By Lindsay Pinkos, Senior Product Marketing Manager at Kofax
Making money is the primary goal of just about every organisation—and there’s nothing wrong with that. But what about the dirty side of money? The “F” word in the business world: fraud.
Fraud has been around for as long as we can remember, so you’d think organisations would have learned how to identify and prevent it by now. Unfortunately, that’s not the case. In fact, the pendulum seems to be swinging the other way, with the scales tipping further in the favour of fraudsters. While organisations have improved upon their ability to fight fraud, financial criminals have honed their skills and become more adept at duping companies and their employees, to the point where fraud is actually seeing a resurgence.
The ongoing pandemic hasn’t helped the situation. In fact, it’s provided scammers with more opportunities to launch attacks. Economic crime reached its highest level in the past 24 months, according to PwC’s Global Economic Crime Survey 2020: UK Findings. More than half (56 percent) of UK businesses surveyed in the report said they were impacted by fraud, corruption or other economic crime. This 2020 figure is the highest since the inception of the Global Economic Crime Survey. The UK number is also higher than the global average of 47 percent of companies reporting they experienced fraud in the past 24 months. Even this global number is the second highest reported level of fraudulent incidents in the past 20 years.
If we look at the most common types of fraud, cybercrime makes the list of the top four, and the global survey discovered a 34 percent increase in this type of fraud. Business email compromise (BEC) attacks in particular are on the rise, with invoice and payment fraud being the most common type of BEC attack.
While no company wants to see its name on the victim list, a quick search in the news shows even Goliath-sized companies can still fall prey to fraud scams. Take Amazon, for instance: It’s considered the standard for how to run and operate a successful business. Yet, just last year, news surfaced that the company was the victim of invoice fraud amounting to $19 million. Google and Facebook were also the victims of fraud when both companies processed forged invoices sent as part of a phishing email scam.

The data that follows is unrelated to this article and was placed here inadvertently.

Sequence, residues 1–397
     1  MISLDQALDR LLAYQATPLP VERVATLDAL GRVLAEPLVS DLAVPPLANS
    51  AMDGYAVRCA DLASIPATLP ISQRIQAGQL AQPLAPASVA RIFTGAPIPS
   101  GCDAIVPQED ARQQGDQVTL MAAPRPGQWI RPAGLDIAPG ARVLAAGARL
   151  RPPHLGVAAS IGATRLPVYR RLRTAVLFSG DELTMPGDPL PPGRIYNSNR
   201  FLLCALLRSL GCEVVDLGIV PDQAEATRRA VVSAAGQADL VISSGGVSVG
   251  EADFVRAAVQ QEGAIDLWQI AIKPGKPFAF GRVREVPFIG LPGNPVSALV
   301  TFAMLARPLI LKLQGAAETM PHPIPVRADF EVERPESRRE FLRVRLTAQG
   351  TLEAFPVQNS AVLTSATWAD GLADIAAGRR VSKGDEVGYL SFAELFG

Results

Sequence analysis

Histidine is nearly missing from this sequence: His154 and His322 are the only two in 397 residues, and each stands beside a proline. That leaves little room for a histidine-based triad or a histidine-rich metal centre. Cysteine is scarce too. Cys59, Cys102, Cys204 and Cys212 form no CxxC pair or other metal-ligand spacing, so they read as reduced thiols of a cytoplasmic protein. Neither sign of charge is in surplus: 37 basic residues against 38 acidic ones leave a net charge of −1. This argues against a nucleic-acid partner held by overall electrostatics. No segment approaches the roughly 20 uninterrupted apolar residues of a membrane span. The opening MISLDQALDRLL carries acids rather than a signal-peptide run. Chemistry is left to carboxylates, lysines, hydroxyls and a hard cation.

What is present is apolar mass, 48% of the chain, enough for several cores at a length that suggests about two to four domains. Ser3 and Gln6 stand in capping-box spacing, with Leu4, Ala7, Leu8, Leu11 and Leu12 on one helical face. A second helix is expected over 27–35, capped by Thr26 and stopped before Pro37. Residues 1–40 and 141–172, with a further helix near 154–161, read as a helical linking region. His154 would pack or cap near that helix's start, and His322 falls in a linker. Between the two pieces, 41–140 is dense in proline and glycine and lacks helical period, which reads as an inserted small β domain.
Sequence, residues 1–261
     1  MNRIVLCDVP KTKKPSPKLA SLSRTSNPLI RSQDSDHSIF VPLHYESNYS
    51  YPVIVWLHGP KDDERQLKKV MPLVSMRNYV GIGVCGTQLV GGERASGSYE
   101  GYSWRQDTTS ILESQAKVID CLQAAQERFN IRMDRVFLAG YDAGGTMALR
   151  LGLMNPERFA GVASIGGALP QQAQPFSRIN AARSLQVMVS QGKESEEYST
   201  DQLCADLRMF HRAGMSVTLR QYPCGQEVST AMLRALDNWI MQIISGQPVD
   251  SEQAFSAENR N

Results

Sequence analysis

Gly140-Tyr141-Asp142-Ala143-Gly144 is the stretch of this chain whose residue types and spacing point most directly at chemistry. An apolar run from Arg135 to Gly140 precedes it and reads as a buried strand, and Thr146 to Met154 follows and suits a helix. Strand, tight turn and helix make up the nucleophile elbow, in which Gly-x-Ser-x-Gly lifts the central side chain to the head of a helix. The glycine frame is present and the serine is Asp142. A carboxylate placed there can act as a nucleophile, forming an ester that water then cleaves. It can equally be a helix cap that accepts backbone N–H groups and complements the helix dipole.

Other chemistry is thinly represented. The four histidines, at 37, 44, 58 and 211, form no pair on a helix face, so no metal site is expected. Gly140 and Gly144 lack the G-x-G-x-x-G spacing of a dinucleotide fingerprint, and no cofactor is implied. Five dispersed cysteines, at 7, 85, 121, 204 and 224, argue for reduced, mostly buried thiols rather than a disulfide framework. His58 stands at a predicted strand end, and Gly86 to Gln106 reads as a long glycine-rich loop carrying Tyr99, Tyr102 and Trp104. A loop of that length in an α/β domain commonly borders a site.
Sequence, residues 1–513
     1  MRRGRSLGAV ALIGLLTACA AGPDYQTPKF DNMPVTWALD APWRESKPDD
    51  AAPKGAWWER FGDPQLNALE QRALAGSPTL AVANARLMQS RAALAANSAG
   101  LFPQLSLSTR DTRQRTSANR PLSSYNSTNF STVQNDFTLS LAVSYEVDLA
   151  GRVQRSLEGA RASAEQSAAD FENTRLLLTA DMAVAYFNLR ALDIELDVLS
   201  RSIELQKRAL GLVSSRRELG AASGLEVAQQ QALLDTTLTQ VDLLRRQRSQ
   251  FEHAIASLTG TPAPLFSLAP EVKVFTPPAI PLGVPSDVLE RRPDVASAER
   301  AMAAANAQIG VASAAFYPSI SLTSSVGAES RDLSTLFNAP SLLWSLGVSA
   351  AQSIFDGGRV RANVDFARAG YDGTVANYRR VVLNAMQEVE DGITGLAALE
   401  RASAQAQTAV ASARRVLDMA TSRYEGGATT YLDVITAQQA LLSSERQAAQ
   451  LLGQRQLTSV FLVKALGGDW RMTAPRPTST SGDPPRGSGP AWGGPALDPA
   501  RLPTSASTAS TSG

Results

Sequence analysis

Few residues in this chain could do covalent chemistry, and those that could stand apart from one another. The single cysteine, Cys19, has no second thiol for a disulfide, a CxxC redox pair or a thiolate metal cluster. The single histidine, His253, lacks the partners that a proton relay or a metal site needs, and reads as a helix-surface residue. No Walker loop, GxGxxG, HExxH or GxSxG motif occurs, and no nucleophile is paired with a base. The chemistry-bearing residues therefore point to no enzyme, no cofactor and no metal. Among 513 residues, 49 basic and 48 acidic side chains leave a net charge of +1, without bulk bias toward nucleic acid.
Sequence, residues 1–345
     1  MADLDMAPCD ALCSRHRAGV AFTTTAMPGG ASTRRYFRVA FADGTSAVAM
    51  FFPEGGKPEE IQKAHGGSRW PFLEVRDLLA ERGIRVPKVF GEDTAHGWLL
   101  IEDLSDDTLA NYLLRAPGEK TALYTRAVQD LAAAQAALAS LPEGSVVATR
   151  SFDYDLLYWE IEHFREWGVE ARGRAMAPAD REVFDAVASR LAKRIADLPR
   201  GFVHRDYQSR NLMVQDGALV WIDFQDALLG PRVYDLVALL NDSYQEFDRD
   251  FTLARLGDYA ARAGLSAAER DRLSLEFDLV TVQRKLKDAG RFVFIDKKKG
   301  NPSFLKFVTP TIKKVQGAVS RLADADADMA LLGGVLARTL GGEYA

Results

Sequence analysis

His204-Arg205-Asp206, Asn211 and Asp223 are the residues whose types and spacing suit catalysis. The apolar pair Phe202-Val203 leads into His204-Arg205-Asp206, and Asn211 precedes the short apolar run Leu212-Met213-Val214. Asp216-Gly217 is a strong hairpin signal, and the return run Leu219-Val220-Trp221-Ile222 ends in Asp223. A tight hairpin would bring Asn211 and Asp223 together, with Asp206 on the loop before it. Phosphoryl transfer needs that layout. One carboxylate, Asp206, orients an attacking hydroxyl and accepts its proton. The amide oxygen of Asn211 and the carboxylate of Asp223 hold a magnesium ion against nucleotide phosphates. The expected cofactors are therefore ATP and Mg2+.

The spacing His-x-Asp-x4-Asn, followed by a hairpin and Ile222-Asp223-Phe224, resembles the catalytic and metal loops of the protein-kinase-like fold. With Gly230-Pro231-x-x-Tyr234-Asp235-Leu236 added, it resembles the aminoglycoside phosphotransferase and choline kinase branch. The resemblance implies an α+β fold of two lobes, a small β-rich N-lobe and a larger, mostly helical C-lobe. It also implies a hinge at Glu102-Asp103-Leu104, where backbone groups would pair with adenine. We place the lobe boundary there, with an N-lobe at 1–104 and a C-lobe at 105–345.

Any company—big or small—is vulnerable, which means every organisation needs to ramp up their defense. This is especially true for financial institutions which must comply with complex and ever-changing regulations. Add in the ongoing customer life-cycle transformation and protecting the business from fraudulent activity seems more challenging than ever.
Fortunately, there are steps that organisations can take to fight back against fraud and meet “know your customer” (KYC) requirements. Fraud detection and prevention has, for the longest time, been based on a three-pronged approach comprised of people, processes and technology. While all three elements are still essential, the increased complexity of fraud scams demands a greater reliance on the technology portion. People still play an important role, but it’s become increasingly difficult for the human eye to spot fraud given how sophisticated scams have become. Processes aren’t going to disappear either, but their key role is to connect people and technology in a way that makes them stronger together than when used alone.
Unlike people, technology has evolved—so it can do a better job of keeping up with the advances in fraudulent activity. New techniques are available, making it the best choice to lead the charge. But where do you start?
Accounts Payable: Your Best Defense Against Fraud
Many historic wars have famous fronts associated with them—the Eastern front in WWI and the European front in WWII, for example. When it comes to the war against fraud, accounts payable (AP) is an extremely active combat zone. Ardent Partners’ recent State of ePayables Market Research Report does an excellent job of summarising why AP plays a crucial role in fraud detection and prevention: “Accounts Payable sits in the middle of an enterprise’s financial activity and is ideally suited to identify and flag potential instances of invoices and/or payment fraud.”